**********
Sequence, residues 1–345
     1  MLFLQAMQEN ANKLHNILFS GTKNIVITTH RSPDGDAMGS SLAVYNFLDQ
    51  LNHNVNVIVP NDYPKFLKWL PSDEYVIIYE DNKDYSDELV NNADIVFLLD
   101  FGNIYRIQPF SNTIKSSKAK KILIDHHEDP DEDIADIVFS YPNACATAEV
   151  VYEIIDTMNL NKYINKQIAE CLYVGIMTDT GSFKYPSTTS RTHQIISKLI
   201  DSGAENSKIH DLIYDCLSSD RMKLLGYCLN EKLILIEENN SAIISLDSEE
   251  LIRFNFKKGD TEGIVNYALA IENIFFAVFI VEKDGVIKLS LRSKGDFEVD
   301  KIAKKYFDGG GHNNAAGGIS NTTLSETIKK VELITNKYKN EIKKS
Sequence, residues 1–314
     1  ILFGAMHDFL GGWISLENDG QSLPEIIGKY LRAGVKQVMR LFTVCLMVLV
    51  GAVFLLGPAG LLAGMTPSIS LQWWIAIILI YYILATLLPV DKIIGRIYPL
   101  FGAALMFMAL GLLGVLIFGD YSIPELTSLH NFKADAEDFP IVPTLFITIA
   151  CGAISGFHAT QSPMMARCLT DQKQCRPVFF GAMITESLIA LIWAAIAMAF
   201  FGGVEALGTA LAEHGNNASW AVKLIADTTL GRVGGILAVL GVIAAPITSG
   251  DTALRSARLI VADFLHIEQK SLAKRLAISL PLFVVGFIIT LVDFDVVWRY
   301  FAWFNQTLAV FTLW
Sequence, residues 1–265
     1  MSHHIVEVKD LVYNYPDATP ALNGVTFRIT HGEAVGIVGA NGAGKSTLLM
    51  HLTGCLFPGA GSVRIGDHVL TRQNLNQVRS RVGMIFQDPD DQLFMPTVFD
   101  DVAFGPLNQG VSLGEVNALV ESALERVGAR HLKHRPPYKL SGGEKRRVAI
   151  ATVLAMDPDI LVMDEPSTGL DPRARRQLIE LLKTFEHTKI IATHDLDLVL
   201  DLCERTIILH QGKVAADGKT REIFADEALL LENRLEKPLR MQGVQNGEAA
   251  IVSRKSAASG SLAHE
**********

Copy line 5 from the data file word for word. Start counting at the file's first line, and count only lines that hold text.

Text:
   151  VYEIIDTMNL NKYINKQIAE CLYVGIMTDT GSFKYPSTTS RTHQIISKLI